Given all that is going on in the world these days, you might not have noticed an article about insect populations undergoing "death by a thousand cuts." (Scientific article in PNAS, AP article carried by various outlets). Essentially, the authors have gathered 12 studies written by 56 scientists around the world showing that insect numbers are in decline.
What to do? Go out and see some insects, of course.
Even though it has been relatively cold, plus dry to the extreme, we still have bees in the desert marigold flowers.
The pollen baskets on her back legs are packed with pollen, which she is carrying from flower to flower. What bits of pollen that dribble off will pollinate the next flower she visits.
This week the honey bees prefer the fairy dusters and the rosemary plants, both of which are flowering as well. The fairy duster flower is unusual -- a puffy cluster of anthers.
The bottom line is that one way to help pollinators is to plant a diversity of flowers, especially native ones.
Do you plan to plant flowers this year?
In the past I've posted an end of the year list of my favorite photographs. This year let's mix it up with a matching quiz. Can you match the adult insect with its immature stage or something associated with it? If you want to, leave your results in the comments. Bonus points for correct identifications. Note: Not all letters have been used. All the photos are from 2020.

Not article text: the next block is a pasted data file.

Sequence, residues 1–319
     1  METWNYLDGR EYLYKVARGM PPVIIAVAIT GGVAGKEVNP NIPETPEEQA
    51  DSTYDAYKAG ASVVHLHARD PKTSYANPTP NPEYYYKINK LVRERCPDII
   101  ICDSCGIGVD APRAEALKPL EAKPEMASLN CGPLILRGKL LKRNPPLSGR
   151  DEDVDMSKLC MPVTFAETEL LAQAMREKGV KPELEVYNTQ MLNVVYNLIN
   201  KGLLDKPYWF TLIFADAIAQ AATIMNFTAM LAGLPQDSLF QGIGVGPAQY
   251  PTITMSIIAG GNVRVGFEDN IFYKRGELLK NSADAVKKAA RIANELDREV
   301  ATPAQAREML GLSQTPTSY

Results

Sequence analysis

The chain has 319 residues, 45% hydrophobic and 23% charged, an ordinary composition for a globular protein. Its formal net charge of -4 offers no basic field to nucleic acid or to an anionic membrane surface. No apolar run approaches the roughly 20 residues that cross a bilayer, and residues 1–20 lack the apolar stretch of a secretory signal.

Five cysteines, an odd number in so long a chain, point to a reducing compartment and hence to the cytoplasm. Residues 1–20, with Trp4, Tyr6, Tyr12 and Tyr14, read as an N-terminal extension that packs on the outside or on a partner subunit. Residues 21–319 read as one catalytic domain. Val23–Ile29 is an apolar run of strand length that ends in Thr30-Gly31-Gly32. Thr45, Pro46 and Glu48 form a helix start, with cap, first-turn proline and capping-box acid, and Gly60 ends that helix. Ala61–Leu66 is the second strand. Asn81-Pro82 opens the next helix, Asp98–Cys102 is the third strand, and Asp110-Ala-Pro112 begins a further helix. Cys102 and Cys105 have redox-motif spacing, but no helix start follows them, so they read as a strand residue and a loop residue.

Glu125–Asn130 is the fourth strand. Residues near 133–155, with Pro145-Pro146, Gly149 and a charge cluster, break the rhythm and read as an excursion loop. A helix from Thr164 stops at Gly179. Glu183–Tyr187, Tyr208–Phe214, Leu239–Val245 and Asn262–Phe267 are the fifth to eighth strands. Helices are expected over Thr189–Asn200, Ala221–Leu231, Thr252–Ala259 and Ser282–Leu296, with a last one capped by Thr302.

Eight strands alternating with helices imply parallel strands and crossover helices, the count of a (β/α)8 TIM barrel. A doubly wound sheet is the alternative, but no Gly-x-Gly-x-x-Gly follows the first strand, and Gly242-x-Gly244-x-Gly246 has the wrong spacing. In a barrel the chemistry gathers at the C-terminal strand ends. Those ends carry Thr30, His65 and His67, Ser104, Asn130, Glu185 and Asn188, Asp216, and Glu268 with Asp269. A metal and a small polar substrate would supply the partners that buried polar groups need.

A. She's a big-eyed beauty on a stick.
B. This mimic may fool you because it resembles another popular insect.
C. Often seen visiting flowers.
D. Flies away to the mountains in the summer.
K. The hardest of all, although the answer is here in the blog.
Now match the adults with their life stages or products.
F. Has a very specific host plant.
G. Sitting on a tree trunk.
H. Hungry, hungry.
I. What life stage is this?
L. Not an insect, but produced by insects.
(The answers are now posted.)
The male bees have been photogenic this month. After the male carpenter bee two weeks ago, I found something unusual on a milkweed early one morning.
Actually, it isn't really unusual, you just have to get up early in the morning to see it. This is a cluster of male long-horned bees "sleeping" on a plant overnight.
If you look at bit closer, you can see the long antennae that give them the common name long-horned bee.
Isn't it adorable?
These particular bees likely belong to the Genus Melissodes.
If the male bees form a cluster to sleep on a plant overnight, where are the females?
Each female long-horned bee builds a tunnel nest in the soil, so that's where she stays at night. During the day she gathers nectar and pollen from flowers to provision her nest and then lays eggs on the food.
What do the male bees do during the day?
You can spot the male bees hovering around plants with flowers defending them from other bees and looking for females to mate with.
Have you ever been lucky enough to spot a cluster of sleeping bees?